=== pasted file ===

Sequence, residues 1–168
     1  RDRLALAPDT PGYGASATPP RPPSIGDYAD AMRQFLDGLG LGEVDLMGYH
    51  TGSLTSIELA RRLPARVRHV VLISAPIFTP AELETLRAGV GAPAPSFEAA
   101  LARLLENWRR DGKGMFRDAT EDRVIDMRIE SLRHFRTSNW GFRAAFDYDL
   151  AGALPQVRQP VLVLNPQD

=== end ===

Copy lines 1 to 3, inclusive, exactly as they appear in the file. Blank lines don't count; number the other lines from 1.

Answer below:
Sequence, residues 1–168
     1  RDRLALAPDT PGYGASATPP RPPSIGDYAD AMRQFLDGLG LGEVDLMGYH
    51  TGSLTSIELA RRLPARVRHV VLISAPIFTP AELETLRAGV GAPAPSFEAA